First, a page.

Proper Nutrition: Part II, The Basics – Pure Strength
Menu
Cart 0

Proper Nutrition: Part II, The Basics

Posted by 1 on

As a CrossFit athlete, you may find that maintaining a proper diet is even more challenging than your workouts! Last time we discussed nutrition here on Box Stalker, we gave you a quick run-down on how the typical American diet looks.  As a reminder, the typical American diet is far from nutritious, so don’t be fooled by thinking that your family and friends’ diets – even if they claim to be “health nuts” – will work for you as a CrossFit athlete. As a recap, here is what we discussed last time when it comes to nutrition:
  • Americans generally do not adhere to the U.S. Department of Agriculture's "Food Pyramid" recommendation
  • in the average American household, almost 70% of meals are prepared at home, but this means that 30% of what Americans eat is prepared by someone else and without proper dietary needs in mind
  • the average American diet seems to have improved in recent years, but it still has a long way to go before it can be considered properly nutritious (Proper Nutrition with CrossFit: Part I, an Introduction)

(If you are interested in reading more about what the typical American diet looks like, you can check out Part I of our Nuitrition series - Proper Nutrition with CrossFit: Part I, an Introduction – where we discuss some American diet trends as reported by the Wall Street Journal and provide links to additional information).

Thankfully, just because the typical American diet can be lacking in nutrition, this does not mean that CrossFit athletes are stuck matching this diet themselves.  You have options and you have resources!

Remember, as a CrossFit athelete, it is important to keep these two main points in mind:

  1. You should be eating “real” food, and
  2. You should not obsess over following a “magic diet” but rather focus on incorporating proper nutrition into your lifestyle

Laura Dolson's Low-Carb Food Pyramid

Laura Dolson's Low-Carb Food Pyramid - this is more along the lines of what we should be eating!

Now that we have these points in the forefront of our brains, let’s take a quick look at the Crossfit-recommended diet. Straight from CrossFit’s website itself, here’s what a CrossFit athlete’s diet should ideally look like:

  • “Protein should be lean and varied and account for about 30% of your total caloric load.
  • Carbohydrates should be predominantly low-glycemic and account for about 40% of your total caloric load.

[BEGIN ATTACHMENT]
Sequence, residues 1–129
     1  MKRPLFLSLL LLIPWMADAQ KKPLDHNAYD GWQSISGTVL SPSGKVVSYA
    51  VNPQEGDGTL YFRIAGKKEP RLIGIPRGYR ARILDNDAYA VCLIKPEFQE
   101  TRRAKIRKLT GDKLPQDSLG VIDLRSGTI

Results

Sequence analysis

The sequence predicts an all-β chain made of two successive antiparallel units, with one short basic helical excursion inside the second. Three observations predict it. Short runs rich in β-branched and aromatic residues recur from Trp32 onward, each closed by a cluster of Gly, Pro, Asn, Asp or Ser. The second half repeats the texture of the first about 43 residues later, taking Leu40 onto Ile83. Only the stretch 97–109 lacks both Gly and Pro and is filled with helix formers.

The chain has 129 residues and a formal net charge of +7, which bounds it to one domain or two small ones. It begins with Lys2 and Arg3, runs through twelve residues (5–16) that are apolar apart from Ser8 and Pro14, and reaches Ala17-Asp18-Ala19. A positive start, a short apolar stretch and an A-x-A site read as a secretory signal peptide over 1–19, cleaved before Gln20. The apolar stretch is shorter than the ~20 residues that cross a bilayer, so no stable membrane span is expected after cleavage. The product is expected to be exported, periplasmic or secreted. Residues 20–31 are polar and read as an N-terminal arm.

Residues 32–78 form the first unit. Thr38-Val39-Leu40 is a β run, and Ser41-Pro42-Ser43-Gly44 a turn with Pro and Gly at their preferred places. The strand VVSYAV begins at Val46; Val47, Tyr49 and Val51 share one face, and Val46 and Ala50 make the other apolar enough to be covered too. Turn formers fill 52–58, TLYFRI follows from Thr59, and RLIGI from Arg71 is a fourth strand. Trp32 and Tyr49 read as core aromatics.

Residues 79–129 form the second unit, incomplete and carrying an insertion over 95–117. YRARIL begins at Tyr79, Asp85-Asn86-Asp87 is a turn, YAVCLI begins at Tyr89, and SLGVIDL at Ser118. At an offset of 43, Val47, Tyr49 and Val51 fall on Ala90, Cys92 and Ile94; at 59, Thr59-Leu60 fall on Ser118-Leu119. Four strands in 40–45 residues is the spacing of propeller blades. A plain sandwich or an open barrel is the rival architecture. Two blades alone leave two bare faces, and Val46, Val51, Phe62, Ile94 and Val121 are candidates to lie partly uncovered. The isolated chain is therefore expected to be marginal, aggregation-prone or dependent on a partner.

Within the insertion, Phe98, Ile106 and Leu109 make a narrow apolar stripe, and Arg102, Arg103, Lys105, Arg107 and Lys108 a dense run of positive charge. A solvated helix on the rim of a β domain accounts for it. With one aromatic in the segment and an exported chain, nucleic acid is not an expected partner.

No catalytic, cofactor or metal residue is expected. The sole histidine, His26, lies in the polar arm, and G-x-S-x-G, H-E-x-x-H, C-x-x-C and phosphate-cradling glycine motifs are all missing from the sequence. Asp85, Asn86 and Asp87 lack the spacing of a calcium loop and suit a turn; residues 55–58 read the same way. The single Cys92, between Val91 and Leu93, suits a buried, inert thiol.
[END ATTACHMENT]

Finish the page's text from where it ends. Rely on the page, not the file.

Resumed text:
• Fat should be predominantly monounsaturated and account for about 30% of your total caloric load.
  • Calories should be set at between .7 and 1.0 grams of protein per pound of lean body mass depending on your activity level. The .7 figure is for moderate daily workout loads and the 1.0 figure is for the hardcore athlete." (Crossfit.com – “Nutrition”)

We have all probably read this information from CrossFit.com a hundred times, so to make it even simpler, here are the basic guidelines for CrossFit’s “dietary prescription.” Base your diet on:

  • garden vegetables (focusing specifically on greens whenever possible)
  • lean meats
  • nuts and seeds
  • very little starch
  • no sugar at all (Crossfit.com – “Nutrition”)

Another tip Crossfit’s website recommends is shopping around the edges of your grocery store as much as you are able.  Avoid boxed and non-perishable goods, because there is a reason those items are able to be stored in a box for long amounts of time!  You don’t want to put those things into your body.  Spend your dollars on items from the outside of the grocery store – mainly the produce and meat sections – and you’ll be well on your way to a healthy diet, long before you even hit the kitchen!

Needless to say, proper nutrition is a very important topic for athletes of all types, so check back soon as we continue to delve into this topic!  We have only begun to scratch the surface of proper CrossFit nutrition here on Box Stalker.  


Share this post



← Older Post Newer Post →


Leave a comment

Please note, comments must be approved before they are published.